However, permanent coverage doesn’t make sense for everyone. It works best for families that can put extra money aside on a regular basis. It’s best to speak with your insurance agent and at least one other knowledgeable professional about whether you need permanent coverage and whether it makes sense in your case.
Transitioning Out of Service
SGLI is a great life insurance deal for those who are still serving. Once you leave the military, however, your benefits cease. This is where Veterans Group Life Insurance (VGLI) comes in. Coverage-wise, it’s pretty much the same as SGLI, minus the traumatic injury coverage. However, because you lose the government subsidy of premiums, its monthly premiums are higher.
For example, monthly VGLI premiums come in at $10 per $100,000 in coverage for veterans aged 30 to 34, much higher than SGLI spousal coverage for someone in the same age range. Veterans ages 60 to 64 pay $108 per $100,000 in coverage under VGLI.
Ultimately, VGLI is a standard but expensive five-year term policy. Issue is guaranteed unless you decline it when you leave the service. You can extend the coverage, but the premium goes up every five years. Eventually, premiums get so onerous that almost everyone drops the policy before they die.
Furthermore, VGLI premiums are high because everyone with health problems leaving the military signs up. Healthier veterans have other options and therefore get different insurance. This process of adverse selection leaves VGLI with a bad risk pool, which drives up premiums for all policyholders – further prompting healthy veterans to leave and buy other coverage.
If you have health problems that would cause you to be “rated up” (assigned to a more expensive risk pool), by insurance companies, then VGLI might be the way to go. But if you’re in reasonably good health, shop around for alternatives.
Converting to Permanent Coverage
One of the common downsides to inexpensive term life insurance is the lack of options for converting to permanent life insurance. Plus, SGLI doesn’t offer a permanent life insurance policy. However, SGLI enrollees have a trapdoor to permanent insurance.
Service members transitioning out of military service and their spouses have a little-known option to convert their SGLI coverage to a whole life policy at standard rates, regardless of medical condition. See the VA website for more information about converting SGLI to permanent coverage.
A whole life policy is a form of permanent insurance, meaning it never expires. As long as you keep paying premiums as agreed, it will stay in force forever and also build up cash value over time.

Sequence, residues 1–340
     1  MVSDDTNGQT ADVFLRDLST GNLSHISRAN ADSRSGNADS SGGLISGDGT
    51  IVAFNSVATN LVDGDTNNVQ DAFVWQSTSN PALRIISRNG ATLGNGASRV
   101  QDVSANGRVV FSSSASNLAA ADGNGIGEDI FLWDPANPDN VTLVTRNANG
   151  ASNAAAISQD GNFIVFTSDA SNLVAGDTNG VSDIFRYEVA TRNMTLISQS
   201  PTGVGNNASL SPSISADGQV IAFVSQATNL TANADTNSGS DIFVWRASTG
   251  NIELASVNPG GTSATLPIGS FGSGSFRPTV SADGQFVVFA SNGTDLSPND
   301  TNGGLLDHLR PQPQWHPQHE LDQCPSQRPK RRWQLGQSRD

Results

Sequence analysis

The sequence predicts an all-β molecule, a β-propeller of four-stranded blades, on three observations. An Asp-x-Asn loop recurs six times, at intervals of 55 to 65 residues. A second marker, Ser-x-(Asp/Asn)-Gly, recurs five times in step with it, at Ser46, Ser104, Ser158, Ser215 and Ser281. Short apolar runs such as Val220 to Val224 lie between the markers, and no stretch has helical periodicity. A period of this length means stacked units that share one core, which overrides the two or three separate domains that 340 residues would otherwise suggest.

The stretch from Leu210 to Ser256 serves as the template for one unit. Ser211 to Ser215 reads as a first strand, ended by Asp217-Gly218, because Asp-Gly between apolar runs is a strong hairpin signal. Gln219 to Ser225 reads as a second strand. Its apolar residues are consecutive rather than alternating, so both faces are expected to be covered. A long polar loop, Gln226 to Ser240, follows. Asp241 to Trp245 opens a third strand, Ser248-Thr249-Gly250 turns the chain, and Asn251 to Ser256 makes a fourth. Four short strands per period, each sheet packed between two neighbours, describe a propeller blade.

You have 120 days after leaving the service to exercise this option. However, if you have severe health problems that are likely to result in your death in a limited number of years, you may be better off staying with VGLI rather than converting to a permanent policy. This can be a tough decision, however, because medical technology improves every year. Many people live for many years, even with severe health issues.
If you live very long, you’re better off with a permanent policy. If you die in the first five to 15 years, you’re better off sticking with VGLI, even if you have to renew once or twice. The longer you remain alive, the more sense it makes to have a permanent policy. It’s a judgement call and highly dependent on your individual situation at the time you leave the service.
Additionally, if you’re in excellent health, you may be better off buying any whole life or other permanent life insurance you need in the open market – if you can qualify for preferred or select preferred rates, or their equivalent rates with that carrier, which are less expensive than standard rates.
SGLI is a terrific program, but it’s not the only solution most military families need. You must consider the total amount of coverage, coverage for the entire family, price, and the likelihood the insurance will actually be in force when the insured dies. Cheap term coverage may expire before that time comes, which means you’ll have wasted all those years’ worth of premiums. Make it too expensive, though, and you’ll be tempted to let the policy lapse.
There is no single “best policy” for everyone. The best policies are the ones that are most likely to be in force when the insured dies. You and your medical provider are the best people to judge what that means for you.
Are you an active-duty service member? What are your biggest concerns when it comes to life insurance?